AutoCorrect for larger blocks of text and more

How to use AutoCorrect for more than a word or character.

Paul G writes:

Autocorrect is fantastic for the numerous standard letters, or specific instructions for various computer actions (downloads, etc).

1. I prepare the fully formatted text (sometimes 3-4 pages with complex formatting, inserted screen shots or tables etc)

2. Highlight the entire text you want in the AutoCorrect entry

3. Open Autocorrect and the highlighted text is in the “Replace with” panel

4. In the “Replace” panel, I enter a specific code (eg dnlds = Download instructions)in the left panel

5. Click OK (or replace if a previous version is being updated)

It is amazing how much time I save not having to recreate these letters, emails, etc. The short code immediately produces the fully formatted result ready to send to the recipient.

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AutoCorrect is one long-standing solution in Word to the problem of inserting stock phrases.

For example, even this deliberately weird bit of formatted text can become an AutoCorrect entry:

AutoCorrect fancy text example image from AutoCorrect for larger blocks of text and more at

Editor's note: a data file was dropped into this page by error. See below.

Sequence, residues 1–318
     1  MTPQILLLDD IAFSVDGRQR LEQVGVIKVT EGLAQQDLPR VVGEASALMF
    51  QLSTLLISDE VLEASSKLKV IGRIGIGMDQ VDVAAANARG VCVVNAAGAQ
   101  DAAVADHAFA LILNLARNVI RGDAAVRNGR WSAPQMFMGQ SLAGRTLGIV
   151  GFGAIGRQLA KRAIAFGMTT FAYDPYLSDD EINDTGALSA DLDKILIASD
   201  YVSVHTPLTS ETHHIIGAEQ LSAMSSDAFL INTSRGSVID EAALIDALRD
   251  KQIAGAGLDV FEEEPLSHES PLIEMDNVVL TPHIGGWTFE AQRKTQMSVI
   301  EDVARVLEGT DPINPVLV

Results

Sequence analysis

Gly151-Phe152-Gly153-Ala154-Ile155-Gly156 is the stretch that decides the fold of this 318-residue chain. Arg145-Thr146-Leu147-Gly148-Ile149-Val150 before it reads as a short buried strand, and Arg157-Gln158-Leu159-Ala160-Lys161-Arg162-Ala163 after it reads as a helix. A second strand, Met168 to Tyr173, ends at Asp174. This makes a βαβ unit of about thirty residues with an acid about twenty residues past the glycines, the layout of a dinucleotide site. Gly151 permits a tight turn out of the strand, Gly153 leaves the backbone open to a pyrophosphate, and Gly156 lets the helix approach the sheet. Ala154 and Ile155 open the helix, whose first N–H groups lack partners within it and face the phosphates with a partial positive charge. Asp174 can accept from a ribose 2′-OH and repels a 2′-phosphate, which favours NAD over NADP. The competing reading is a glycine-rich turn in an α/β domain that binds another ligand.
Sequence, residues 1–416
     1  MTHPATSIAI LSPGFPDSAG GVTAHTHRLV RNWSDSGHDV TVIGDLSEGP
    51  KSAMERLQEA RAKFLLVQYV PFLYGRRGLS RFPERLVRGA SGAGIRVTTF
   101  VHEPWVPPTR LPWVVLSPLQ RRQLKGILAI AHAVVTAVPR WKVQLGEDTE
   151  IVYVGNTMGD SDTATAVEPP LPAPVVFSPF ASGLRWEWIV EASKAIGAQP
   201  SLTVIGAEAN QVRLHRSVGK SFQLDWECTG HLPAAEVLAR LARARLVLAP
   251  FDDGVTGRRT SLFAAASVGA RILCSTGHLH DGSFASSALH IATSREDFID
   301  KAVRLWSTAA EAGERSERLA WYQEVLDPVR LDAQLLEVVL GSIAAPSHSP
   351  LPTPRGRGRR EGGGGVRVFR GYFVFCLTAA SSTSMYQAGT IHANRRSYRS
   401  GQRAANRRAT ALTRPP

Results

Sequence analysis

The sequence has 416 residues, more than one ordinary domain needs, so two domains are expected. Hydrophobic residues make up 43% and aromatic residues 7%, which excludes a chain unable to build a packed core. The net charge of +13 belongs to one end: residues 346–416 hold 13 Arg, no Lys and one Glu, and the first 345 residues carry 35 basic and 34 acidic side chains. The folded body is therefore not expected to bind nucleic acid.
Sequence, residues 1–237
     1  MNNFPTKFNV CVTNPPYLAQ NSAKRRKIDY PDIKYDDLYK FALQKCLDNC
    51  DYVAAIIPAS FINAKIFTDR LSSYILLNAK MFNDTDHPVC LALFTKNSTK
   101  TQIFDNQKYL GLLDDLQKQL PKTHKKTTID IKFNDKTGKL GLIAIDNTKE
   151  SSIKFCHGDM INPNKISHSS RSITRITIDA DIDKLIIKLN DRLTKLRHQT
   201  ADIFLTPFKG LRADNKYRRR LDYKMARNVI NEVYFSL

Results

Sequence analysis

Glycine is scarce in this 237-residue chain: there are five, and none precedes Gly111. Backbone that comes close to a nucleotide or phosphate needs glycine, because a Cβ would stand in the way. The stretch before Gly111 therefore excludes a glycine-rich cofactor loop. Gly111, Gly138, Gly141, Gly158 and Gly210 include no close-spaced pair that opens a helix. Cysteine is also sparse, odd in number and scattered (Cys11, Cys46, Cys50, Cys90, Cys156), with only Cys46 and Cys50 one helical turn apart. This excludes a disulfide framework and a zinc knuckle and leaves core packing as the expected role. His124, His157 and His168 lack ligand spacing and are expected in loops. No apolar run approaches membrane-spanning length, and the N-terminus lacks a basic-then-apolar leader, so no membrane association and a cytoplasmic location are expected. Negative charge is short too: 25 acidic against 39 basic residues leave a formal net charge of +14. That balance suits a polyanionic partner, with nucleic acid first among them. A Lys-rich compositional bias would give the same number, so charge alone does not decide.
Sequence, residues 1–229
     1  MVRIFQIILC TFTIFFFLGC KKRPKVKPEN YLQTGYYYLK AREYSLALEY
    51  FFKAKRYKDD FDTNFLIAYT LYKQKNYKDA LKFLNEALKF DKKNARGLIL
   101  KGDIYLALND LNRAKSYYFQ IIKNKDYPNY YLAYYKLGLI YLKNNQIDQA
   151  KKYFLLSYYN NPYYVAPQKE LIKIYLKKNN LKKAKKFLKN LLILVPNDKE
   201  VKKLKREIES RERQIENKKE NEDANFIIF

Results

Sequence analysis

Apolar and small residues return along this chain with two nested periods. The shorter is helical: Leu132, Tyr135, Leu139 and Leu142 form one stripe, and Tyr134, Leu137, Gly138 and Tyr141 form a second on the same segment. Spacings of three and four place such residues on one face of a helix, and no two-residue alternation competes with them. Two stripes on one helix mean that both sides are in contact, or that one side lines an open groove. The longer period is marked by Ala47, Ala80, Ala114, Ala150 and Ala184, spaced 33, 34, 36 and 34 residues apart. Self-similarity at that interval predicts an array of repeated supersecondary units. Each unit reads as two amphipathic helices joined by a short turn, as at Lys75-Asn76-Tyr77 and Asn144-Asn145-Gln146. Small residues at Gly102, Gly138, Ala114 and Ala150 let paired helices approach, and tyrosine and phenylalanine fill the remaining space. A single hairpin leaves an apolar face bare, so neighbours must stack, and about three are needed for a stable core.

select the text and go to the AutoCorrect dialog (in Word 2007/2010/2013 File | Options | Proofing | AutoCorrect Options)

AutoText fancy text example in dialog image from AutoCorrect for larger blocks of text and more at

The selected text is inserted for you.  Add a shortcut in the Replace field or type an existing shortcut to the update it.


People who have a lot of AutoCorrect entries usually have an Autocorrect reference document which has all the stock text blocks stored with their shortcuts.

The problem with AutoCorrect is that it’s hidden away from view. It’s fine for a single user or small group but as the number of users increases it gets harder to manage. Even a single user with two computers (desktop and laptop) has to keep the two in sync.

Aside from updating the AutoCorrect list on each copy of Word, all the staff/users need to be updated on changes to the stock phrases and their shortcuts (which they have to remember).

One alternative is a template, though that doesn’t work for emails and only applies as the stock basis for a standard document, not a component to be dropped into an existing or larger document.

A more flexible alternative is AutoText which got folded into the Quick Parts in Word 2007. This lets you see a menu of choices instead of a hidden set of shortcuts. Since AutoText is saved in a template you can update and deploy changes to the text easily.